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168 Abstracts

  • Introduction & Objectives

    Dose to the bladder trigone is associated with increased Genito-Urinary (GU) toxicity in prostate radiotherapy studies. Its role in Muscle Invasive Bladder Cancer (MIBC) is unknown. The relationship between GU toxicity grade (G) and dose to trigone was determined in patients who received high-dose focal tumour boost (≤70Gy) within a prospective phase 1 image-guided adaptive radiotherapy dose escalation study (NCT01124682).

    Material & Methods

    Patients with localised MIBC were treated with a plan of day approach, treating whole bladder to 52Gy and tumour to 70Gy in 32 fractions. Following completion of treatment, bladder trigone surrogate structure was retrospectively contoured on the planning CT as a triangle-shaped region at the posterior wall that encompassed the transition of the urethra into the bladder caudally and the ureteric orifices cranially. Cumulative dose to trigone was determined by summation of selected plans used for treatment delivery. ROC analysis was used to identify significant dose constraints (AUC > 0.6 and p < 0.05) predictive of acute peak and emergent peak ≥G2 toxicity as measured using CTCAE v3.0. AUC cut point values were determined by Younden index. Peak toxicity was the highest score occurring either at baseline, weekly during radiotherapy or at 4, 8 and 12 weeks following radiotherapy. Emergent peak score was the difference between peak score (up to 12 weeks) during follow-up and baseline. The probability of peak and emergent ≥G2 acute events was calculated using logistic regression. Constraints predicting 20%, 30%, 40% and 50% probability of acute GU toxicity was determined.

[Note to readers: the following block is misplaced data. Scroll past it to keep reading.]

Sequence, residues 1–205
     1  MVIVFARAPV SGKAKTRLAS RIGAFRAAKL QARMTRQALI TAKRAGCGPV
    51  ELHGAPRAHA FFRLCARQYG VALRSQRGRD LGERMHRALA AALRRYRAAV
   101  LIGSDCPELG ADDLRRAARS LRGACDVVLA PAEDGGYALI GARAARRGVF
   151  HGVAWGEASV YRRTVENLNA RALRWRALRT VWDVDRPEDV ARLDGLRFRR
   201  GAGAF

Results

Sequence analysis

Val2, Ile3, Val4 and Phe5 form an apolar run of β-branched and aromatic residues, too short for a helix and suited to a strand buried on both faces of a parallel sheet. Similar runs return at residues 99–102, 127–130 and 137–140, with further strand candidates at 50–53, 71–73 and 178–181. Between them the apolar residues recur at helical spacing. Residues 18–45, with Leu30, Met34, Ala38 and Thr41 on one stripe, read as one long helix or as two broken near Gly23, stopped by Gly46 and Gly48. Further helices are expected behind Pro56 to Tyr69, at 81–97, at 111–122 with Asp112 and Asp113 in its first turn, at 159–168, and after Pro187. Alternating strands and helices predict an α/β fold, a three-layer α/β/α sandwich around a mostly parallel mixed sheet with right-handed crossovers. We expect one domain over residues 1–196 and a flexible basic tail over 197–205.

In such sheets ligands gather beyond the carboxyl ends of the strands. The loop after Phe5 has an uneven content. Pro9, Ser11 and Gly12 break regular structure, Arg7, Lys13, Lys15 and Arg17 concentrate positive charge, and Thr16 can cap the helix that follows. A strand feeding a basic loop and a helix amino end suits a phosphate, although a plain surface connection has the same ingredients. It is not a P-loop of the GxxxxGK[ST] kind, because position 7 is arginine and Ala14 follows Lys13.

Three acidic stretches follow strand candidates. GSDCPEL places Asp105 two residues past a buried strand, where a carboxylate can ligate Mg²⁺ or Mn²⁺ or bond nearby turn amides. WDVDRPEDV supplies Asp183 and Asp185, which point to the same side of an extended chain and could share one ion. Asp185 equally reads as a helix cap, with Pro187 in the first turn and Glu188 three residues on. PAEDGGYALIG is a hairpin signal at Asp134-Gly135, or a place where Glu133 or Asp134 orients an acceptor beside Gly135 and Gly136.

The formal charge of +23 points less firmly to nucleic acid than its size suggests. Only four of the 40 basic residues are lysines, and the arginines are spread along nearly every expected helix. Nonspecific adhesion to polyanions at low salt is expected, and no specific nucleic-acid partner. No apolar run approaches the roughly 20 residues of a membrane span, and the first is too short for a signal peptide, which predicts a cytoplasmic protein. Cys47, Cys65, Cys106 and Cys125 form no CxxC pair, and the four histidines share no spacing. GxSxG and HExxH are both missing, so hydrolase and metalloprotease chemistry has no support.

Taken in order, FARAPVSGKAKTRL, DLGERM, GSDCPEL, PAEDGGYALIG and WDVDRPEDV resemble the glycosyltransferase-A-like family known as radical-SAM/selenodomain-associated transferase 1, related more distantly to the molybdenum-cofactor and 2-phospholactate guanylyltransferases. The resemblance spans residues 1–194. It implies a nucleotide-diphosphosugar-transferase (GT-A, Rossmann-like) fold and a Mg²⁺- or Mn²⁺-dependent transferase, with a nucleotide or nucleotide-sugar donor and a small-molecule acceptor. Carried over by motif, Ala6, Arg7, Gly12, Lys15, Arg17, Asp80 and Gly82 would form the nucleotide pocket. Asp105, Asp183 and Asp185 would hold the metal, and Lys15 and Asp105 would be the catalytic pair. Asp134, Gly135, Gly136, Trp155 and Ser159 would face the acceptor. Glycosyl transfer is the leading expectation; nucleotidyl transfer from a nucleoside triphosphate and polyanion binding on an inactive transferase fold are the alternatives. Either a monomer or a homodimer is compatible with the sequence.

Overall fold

Results

    20 patients (14 males; 6 females) recruited to the study protocol between June 2012 and May 2014 were evaluated. All patients had stage T2-T3N0M0 transitional cell carcinoma of the bladder. Median age was 73 years (range 50-90). Baseline G0, G1 and ≥G2 toxicity was 45%, 45%, and 10%; peak G0, G1 and ≥G2 toxicity was 0%, 30% and 70%; emergent G0, G1 and ≥G2 toxicity was 20%, 55% and 25%. No G4 toxicity was seen at any time point. Significant association of emergent ≥G2 toxicity was identified at trigone V60 >5.6cm3 (AUC 0.81, 95% CI 0.60-1.0; p=0.040), V65>5.6cm3 (AUC 0.89, 95% CI 0.69-1.0; p=0.010), V70>3.6cm3  (AUC 0.87, 95% CI 0.65-1.0; p=0.016) and V70>61.0%.  (AUC 0.81, 95% CI 0.57-1.0; p=0.040). No significant AUC was associated with peak ≥G2 toxicity. Table 1. Predicted probability of emergent ≥G2 acute GU toxicity.